We spent a weekend with the US Law Firm Group, a collection of law firm leaders from around the country. Besides being one of the most welcoming and friendly groups of lawyers I’ve encountered, they were also among the most progressive and open-minded.
During Friday’s dinner, the Managing Partner of one of the largest firms in the country asked my co-founder what he thought of law firm Chief Marketing Officers reporting to law firm COOs (or dually reporting to the Managing Partner and Chief Operating Officer. Craig replied that he had experienced both extremes as a CMO. He was subject to that dual reporting structure at one BigLaw firm, whereas he reported solely to the CEO at another, and was a member of the company’s ten-member Executive Committee.
Optimally, in Craig's view, the CMO would report only to the Managing Partner and would be as integral a member of Executive Committee meetings as is the COO. He brought up an oft-repeated argument that the four P’s of Marketing (Product, Pricing, Promotion, Place [Distribution]) are often integral to Executive Committee meetings and shouldn’t be discussed without your top marketing or business development executive, but he also offered a new perspective.
While his second firm had no COO, its CFO handled many of the same duties as a law firm COO. He joked that although they were friends, they were “mortal enemies” when it came to Executive Committee meetings. Where Craig wanted to invest, she wanted to save. Where he wanted to spend, she wanted to cut. There existed a natural tension, but it was one that benefited the firm in the long run. It forced her to justify more of her proposed cuts, and forced Craig to defend his proposed expenditures and to demonstrate ROI. The existence of a natural counter-balance made them both sharper. That tension also provided clarity to the CEO, which helped inform his decisions.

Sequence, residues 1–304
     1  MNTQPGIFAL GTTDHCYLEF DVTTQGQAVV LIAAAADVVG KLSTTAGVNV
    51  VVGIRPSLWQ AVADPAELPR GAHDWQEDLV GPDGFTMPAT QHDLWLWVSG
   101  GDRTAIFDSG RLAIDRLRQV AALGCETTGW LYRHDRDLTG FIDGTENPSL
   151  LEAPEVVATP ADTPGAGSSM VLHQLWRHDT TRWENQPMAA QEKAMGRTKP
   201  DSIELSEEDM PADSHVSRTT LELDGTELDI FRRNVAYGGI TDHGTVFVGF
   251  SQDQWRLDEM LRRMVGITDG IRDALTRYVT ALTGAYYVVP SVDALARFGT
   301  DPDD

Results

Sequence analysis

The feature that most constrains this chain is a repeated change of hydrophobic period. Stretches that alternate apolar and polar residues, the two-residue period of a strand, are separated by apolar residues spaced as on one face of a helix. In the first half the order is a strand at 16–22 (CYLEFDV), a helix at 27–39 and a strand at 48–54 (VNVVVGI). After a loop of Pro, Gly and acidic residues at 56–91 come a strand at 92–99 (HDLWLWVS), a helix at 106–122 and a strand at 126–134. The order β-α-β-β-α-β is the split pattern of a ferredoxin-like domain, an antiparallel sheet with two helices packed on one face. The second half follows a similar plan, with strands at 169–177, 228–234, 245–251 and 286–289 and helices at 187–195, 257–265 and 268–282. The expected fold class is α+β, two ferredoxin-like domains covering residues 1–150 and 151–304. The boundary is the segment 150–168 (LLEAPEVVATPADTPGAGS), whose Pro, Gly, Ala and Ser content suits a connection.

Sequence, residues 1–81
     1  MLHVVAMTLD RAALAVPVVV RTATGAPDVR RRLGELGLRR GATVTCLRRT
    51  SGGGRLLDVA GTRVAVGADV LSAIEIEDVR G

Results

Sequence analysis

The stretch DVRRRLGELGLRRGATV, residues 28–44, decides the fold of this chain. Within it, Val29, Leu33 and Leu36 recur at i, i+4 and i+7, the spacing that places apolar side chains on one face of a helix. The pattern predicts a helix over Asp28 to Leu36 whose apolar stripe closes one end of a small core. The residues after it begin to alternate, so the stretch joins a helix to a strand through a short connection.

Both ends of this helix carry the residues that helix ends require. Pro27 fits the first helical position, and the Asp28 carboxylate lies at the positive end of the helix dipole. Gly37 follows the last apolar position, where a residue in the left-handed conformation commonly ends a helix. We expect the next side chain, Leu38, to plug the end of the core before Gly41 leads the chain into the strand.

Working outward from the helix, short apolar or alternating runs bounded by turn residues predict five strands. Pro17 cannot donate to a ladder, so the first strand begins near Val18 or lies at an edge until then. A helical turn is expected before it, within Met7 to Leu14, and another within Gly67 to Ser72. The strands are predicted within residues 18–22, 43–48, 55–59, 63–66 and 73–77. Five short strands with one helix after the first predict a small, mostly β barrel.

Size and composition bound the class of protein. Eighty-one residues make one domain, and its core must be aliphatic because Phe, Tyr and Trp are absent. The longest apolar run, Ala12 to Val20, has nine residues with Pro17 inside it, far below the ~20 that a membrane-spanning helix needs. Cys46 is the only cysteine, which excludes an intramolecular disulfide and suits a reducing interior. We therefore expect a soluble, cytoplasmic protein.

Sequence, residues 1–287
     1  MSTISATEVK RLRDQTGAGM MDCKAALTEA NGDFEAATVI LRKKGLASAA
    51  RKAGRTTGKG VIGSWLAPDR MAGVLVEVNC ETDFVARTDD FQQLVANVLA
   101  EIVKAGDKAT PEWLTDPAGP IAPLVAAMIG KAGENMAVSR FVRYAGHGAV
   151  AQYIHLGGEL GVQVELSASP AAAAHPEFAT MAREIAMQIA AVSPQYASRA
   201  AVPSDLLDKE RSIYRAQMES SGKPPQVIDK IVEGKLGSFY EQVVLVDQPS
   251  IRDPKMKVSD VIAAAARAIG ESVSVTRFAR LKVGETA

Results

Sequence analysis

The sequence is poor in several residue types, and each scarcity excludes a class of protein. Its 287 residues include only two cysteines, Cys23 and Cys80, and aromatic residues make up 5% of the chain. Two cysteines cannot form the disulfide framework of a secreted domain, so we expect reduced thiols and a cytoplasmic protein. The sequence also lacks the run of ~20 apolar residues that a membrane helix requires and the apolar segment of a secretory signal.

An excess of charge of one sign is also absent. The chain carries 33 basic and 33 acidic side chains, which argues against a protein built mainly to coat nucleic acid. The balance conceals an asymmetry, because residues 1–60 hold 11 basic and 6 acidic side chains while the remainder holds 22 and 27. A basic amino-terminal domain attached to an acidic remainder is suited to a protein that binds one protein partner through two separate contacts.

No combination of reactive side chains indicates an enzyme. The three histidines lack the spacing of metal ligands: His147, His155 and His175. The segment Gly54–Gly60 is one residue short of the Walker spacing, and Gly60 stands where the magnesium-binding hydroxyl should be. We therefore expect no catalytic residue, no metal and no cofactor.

Then again, none of this is possible without the right circumstances. He was a CMO whose charter and focus was client development and profitability. A CMO focused primarily on branding and advertising probably should report to the COO, as he or she is not focused on the real problem, which is revenue generation (see, below). The CMO would also need to have a voice equal to that of the COO. Each would need the full backing of the Managing Partner to speak to Executive Committee members frankly and directly, with no fear of rebuke.
In the rare firm with a strong CMO who is a peer of the COO, you generally have a person with a different mindset and perspective than that of both the COO and the partners – a mindset that is becoming more and more valuable. Now that law firm expenses are cut to the bone, and they’re all looking for ways to avoid reducing partner compensation, almost all of the opportunities (and threats) revolve around revenue generation.
The real problem is that the existing revenue generation model is inherently flawed. Law firm “sales forces” are far too small, and the mobility of those sellers (the “Rainmakers”) renders the majority of laws firms extremely vulnerable to rainmaker defection. The fates of these firms will rest on the ability to adopt a new model — one where they generate revenue via contributions from a much larger percentage of their lawyers than they do today.
Given that reality, it only makes sense that the person spending every day thinking about revenue-generating strategies should not only report solely to the Managing Partner, but should also be a fixture at Executive Committee meetings.